Interface is a shared boundary between two or more functional units (device, PC, etc.) defined by common physical interconnection characteristics, signal characteristics and functional characteristics of the interchange circuits.

Protocol is a standardized set of rules for data transmission over a communication interface.

The communication interfaces used in industry can be of two types:

Point-to-Point. There are only one transmitter and one receiver in the network; the data is transferred only in one direction per a signal line.

Point-to-Multipoint. There is one transmitter and several receivers in the network; the data is transferred only in one direction per a signal line.

The main characteristic of any communication interface is its baud rate. This rate defines how many bits of data are sent over a line per second (bps, Mbps, etc.). Usually, the baud rate includes ‘payload’ and ‘overhead’ parts. The overhead usually encompasses the packet format or the protocol frame: source/destination bits, error checking bits, control bits, etc. The payload is the net data rate or the effective data rate. The payload differs depending on the particular interface and protocol and can make from 30% to 90% of the baud rate. This must be taken into account.

Interfaces and protocols used in akYtec devices:

Interface Type Baud rate Line length Protocol*
RS485 Point-to-Multipoint (up to 32 devices) standard 115200 bps max. 1200 m (without repeater) akYtec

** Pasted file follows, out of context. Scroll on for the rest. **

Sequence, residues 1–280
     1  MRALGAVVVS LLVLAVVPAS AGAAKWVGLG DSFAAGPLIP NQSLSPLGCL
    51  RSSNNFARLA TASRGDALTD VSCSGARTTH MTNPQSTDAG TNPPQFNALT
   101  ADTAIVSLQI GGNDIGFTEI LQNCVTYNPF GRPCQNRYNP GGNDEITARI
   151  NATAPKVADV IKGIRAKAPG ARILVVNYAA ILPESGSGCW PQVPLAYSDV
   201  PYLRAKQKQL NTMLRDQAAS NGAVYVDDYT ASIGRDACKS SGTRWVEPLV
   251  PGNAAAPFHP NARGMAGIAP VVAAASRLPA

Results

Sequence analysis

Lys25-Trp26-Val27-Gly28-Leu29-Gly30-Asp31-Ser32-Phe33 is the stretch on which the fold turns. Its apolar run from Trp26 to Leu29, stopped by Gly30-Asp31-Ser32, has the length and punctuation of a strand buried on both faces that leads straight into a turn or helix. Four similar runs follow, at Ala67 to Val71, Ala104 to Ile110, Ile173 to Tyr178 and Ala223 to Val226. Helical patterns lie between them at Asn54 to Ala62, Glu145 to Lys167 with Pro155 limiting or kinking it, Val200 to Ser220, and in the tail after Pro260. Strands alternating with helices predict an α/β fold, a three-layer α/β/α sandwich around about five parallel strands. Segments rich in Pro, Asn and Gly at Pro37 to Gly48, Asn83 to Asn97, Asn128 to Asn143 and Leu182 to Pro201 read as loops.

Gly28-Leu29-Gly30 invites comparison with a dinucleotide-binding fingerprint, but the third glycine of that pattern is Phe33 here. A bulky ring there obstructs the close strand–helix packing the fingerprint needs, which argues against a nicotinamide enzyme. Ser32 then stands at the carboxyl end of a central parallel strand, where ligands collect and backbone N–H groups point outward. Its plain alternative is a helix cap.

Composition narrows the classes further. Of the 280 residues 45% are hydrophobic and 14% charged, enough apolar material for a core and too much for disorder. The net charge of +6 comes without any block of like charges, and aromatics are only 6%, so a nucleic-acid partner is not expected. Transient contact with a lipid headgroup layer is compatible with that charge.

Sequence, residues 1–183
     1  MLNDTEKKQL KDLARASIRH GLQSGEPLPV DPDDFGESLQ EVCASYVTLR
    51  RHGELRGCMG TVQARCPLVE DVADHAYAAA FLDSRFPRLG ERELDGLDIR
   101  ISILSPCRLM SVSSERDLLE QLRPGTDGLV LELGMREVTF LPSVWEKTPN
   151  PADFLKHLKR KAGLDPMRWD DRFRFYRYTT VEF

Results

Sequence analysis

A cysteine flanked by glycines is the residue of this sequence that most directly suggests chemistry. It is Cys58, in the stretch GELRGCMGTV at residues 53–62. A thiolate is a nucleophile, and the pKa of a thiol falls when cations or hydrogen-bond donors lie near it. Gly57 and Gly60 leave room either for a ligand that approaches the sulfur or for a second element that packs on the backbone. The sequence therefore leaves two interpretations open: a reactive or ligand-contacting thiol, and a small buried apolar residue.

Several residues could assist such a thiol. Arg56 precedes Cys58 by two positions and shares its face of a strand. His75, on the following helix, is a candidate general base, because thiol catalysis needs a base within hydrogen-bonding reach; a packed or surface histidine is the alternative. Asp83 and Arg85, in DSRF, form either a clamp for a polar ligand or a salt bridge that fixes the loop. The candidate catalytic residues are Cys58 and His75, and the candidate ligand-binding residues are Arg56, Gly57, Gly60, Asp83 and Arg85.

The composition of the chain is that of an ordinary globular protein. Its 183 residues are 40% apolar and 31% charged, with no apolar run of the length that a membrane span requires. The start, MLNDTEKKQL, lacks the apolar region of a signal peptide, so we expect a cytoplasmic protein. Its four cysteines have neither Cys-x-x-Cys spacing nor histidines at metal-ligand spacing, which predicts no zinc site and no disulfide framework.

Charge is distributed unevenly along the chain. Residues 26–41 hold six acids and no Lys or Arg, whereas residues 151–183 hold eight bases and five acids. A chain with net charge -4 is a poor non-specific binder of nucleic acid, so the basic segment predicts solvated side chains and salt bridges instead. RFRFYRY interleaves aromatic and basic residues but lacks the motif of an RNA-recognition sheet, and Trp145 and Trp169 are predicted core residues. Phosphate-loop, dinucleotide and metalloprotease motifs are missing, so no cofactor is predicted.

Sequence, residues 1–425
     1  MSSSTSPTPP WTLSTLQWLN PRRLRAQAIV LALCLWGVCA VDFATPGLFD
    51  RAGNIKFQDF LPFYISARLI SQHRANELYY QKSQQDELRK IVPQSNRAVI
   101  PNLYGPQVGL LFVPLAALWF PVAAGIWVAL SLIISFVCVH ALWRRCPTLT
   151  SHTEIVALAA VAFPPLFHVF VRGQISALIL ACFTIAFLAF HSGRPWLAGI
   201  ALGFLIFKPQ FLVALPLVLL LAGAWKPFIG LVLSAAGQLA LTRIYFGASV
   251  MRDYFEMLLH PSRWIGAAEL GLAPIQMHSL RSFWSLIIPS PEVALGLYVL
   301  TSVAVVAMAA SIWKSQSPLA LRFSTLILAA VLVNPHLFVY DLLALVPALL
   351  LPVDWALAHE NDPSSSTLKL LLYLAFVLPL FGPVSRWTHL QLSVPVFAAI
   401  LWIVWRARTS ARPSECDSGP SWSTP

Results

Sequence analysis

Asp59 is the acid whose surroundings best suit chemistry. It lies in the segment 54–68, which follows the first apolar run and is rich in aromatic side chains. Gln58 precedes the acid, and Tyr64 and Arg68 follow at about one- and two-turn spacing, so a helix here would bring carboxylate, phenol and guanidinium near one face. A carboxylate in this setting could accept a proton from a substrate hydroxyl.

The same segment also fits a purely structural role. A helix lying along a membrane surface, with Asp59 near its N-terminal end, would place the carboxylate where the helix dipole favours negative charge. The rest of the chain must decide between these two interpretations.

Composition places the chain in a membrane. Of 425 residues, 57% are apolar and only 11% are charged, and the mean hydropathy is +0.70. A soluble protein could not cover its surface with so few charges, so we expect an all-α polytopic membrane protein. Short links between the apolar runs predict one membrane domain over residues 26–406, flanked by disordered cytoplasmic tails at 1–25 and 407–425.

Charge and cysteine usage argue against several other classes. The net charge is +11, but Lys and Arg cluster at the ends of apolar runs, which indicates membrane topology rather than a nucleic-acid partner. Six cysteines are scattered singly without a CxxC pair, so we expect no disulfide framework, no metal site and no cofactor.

Modbus ASCII
Modbus RTU
RS232 Point-to-Point max. 3 m
Ethernet 10/100 base T (twisted pair) Point-to-Point 10 Mbps / 100 Mbps max. 100 m Modbus TCP
USB 1.1 Point-to-Point 12 Mbps max. 3 m Mass Storage Device
CDC Device
USB 2.0 Point-to-Point up to 480 Mbps
*depends on the device

Device compatibility

Device compatibility refers to the ability of devices to exchange data between each other. Each of devices participating in the data exchange has to be equipped with a certain interface and support a certain protocol. But even in this case, the ability for data exchange isn’t always possible since one device may not be able to send the information the other one is supposed to receive. The question is therefore what to do if the devices support the same data type but feature different interfaces and/or support different protocols? It is required to use interface adapters or protocol translation gateways.

Interface adapter is a device with two or more interfaces which retransmits data from one interface into others. However, information transmission is carried out without its conversion. It means the devices connected through an interface adapter should support same protocols.

Protocol transmission gateway (or protocol converter) is a device which is intended to convert data of one protocol into the other one. At the same time, a protocol converter can also serve as an interface adapter as well. But unlike an interface adapter, the protocol converter requires configuring for specifying what data via what protocols are supposed to be transferred in the communication network.

Read more information in our post 'Interfaces and protocols used in akYtec products – Part 2'.